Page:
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  • Writer's pictureDeborah Yaffe


“Can a book change the course of your life?” asks the cover headline on the latest issue of my college alumni magazine. Inside, seventeen professors supply an answer – yes, of course – and name the books that shaped them (more or less: a couple of people cheat and just name books they happen to like a lot).

Some of the choices are charming — apparently The Giant Golden Book of Dinosaurs and Other Prehistoric Reptiles set the curator of Yale’s natural history museum on his career path — but one in particular caught my eye.

“The book that had more impact on me than any other is Pride and Prejudice, which I read when I was sixteen because my English teacher told me to,” writes Traugott Lawler, a retired Yale English professor whose academic specialty is the Middle Ages. “It blew me away! I had never imagined a novel could be so intelligent, so witty, so compelling. It made me a reader of nineteenth-century English fiction, as I still am, and it set me on a path to my career teaching English.”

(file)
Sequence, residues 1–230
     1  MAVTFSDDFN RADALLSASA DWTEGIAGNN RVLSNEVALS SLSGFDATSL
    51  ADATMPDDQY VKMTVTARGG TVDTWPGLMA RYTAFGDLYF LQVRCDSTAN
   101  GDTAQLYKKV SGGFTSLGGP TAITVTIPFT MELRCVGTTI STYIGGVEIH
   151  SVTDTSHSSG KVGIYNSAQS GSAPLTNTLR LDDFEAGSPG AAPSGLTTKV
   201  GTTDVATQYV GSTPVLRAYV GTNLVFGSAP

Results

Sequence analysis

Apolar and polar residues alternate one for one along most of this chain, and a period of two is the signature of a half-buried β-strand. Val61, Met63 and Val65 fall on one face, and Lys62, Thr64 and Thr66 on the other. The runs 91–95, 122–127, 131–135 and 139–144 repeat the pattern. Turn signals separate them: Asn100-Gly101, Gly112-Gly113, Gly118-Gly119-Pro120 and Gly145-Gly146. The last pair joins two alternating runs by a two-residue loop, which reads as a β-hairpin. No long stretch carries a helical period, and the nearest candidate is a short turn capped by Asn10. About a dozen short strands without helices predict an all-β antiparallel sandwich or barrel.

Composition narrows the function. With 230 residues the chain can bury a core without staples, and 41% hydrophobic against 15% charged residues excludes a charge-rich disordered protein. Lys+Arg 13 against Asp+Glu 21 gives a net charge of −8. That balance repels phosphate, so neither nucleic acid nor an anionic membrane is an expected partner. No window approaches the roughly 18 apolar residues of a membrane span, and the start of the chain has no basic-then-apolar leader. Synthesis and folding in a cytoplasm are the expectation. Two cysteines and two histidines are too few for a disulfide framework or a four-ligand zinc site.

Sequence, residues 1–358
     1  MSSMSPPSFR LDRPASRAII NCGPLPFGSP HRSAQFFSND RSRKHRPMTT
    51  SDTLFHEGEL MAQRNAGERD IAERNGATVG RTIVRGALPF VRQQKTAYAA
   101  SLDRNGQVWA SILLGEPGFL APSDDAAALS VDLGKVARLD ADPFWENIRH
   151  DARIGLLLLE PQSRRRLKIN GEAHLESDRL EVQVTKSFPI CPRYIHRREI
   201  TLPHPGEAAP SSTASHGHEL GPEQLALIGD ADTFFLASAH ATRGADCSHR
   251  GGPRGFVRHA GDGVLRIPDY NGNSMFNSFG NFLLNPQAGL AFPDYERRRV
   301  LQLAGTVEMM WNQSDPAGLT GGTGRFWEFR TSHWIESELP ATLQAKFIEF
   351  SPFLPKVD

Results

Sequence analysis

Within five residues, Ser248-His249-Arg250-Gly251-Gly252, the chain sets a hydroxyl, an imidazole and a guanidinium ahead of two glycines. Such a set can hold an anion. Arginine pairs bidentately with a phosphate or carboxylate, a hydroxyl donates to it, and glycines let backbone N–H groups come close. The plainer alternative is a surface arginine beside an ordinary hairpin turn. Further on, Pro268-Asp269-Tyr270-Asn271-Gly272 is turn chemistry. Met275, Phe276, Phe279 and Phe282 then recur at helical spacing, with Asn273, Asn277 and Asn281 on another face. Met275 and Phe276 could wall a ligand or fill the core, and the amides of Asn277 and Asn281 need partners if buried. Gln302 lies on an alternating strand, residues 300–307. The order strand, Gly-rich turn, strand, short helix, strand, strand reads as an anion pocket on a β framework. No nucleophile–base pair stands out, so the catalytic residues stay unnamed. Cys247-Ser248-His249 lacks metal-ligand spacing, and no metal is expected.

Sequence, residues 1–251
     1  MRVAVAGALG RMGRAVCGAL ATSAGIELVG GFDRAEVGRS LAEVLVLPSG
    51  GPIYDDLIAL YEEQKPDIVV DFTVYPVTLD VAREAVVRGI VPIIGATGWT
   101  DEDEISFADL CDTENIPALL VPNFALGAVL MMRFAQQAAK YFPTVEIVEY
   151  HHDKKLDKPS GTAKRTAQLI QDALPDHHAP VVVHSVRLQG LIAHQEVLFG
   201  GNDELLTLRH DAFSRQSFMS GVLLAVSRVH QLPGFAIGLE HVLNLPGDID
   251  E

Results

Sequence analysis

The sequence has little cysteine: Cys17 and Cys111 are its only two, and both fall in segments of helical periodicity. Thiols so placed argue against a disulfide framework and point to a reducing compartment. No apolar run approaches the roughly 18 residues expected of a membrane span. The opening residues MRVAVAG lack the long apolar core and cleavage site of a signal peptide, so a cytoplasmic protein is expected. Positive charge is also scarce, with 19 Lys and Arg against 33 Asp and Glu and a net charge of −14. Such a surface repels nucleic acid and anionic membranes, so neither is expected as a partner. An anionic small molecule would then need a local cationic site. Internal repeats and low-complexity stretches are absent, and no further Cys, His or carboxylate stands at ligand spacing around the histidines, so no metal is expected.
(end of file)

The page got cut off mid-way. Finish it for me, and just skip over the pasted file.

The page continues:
Lawler is 82, so his epiphany occurred c. 1953, an era -- pre-Colin Firth, pre-Keira Knightley, pre-Jane Austen Action Figure -- when Austen’s popular profile was far lower.

In that more innocent time, without so many swoony movie versions to compete with the books’ more astringent reality, Austen appreciation was far less often gendered female. A sixteen-year-old boy could come to her novels without encountering the regrettable “those-are-girl-books” baggage that seems to weigh them down today. These days, I would guess, it’s harder for a sixteen-year-old boy to tune out the noise and get blown away by P&P. Which is yet another sad commentary on our times.

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